An undated handout photo of Carrie Underwood as Maria and Stephen Moyer as Captain Von Trapp in NBC's live musical, "The Sound of Music," which aired on Dec. 5, 2013. The performance generated 18.5 million viewers, the network's largest non-sports Thursday night audience since 2009.(Will Hart/NBC via The New York Times) -- NO SALES; FOR EDITORIAL USE ONLY WITH STORY SLUGGED TV MUSIC RATINGS BY BILL CARTER. ALL OTHER USE PROHIBITED.
A half-dozen cool things in music, from two points of view:
“The Sound of Music Live.” Proof that an excellent vocalist (Carrie Underwood) does not an actress make. However, it’s called “The Sound of Music” so if you didn’t watch and just listened, it was an awesome production.
NBC’s “The Voice,” Season 5. After the performances, Tessanne Chin appeared to remain a frontrunner. Adam Levine called her performance “flawless and graceful” and after the results —validation.
Zac Brown Band, “The Grohl Sessions, Vol. 1.” Nirvana, Foo Fighters, now Zac Brown Band. Dave Grohl has a new collaboration and ZBB has an awesome, rockin’ new sound.
Mary Kay Sander, Mound
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New Standards holiday show, the State. With help from rapper/singer Dessa, soul man Maurice Jacox and St. Paul Mayor Chris Coleman on bagpipes, the plaid-clad trio raised the standard for this annual yule romp. The hard-to-top move was a triumphant two-song reunion by Trip Shakespeare, making its first live appearance in 20 years after ceaseless pestering by New Standards/Trip Shakespeare bassist John Munson.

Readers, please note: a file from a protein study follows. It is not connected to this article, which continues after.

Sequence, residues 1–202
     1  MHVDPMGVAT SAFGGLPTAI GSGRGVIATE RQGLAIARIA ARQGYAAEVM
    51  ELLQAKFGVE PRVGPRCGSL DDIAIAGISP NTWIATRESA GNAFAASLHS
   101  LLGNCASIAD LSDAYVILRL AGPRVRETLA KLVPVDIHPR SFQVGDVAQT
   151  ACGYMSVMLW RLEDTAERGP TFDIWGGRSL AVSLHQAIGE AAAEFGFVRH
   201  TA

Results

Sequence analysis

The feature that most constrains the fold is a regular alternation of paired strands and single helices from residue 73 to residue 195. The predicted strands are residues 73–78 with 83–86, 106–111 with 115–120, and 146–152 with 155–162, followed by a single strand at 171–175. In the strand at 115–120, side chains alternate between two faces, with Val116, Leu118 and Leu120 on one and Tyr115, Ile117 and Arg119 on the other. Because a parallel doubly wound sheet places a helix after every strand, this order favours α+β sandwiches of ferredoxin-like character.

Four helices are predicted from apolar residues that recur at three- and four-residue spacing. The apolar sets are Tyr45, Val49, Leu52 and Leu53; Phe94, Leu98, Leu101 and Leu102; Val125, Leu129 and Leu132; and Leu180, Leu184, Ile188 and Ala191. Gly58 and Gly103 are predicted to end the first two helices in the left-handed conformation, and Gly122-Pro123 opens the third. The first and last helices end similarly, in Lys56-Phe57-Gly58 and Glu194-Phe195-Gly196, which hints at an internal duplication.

Tower of Power, the Dakota. Vocalist Larry Braggs made the most of his last Twin Cities appearance before he pursues a solo career. He was on fire — both as a nimbly soulful singer and a charming chatterbox. He joked about the Vikings, the Petersons musical family and a clubgoer who was holding a book. And, backed by one of the tightest, funkiest horn bands of all time, he soared on “Me and Mrs. Jones,” a James Brown medley and the ironic “So Very Hard to Go.”
Drake, Target Center. As far as staging goes, this was the second best hip-hop arena production seen in the Twin Cities, behind only Kanye West’s 2008 Glow in the Dark Tour. Drake had coolly lit circles on and over the stage — as well as suspended over the crowd on a catwalk. He pandered too much with shout-outs to fans based on their outfits, but it was a more impressive debut than expected.
Jon Bream, Star Tribune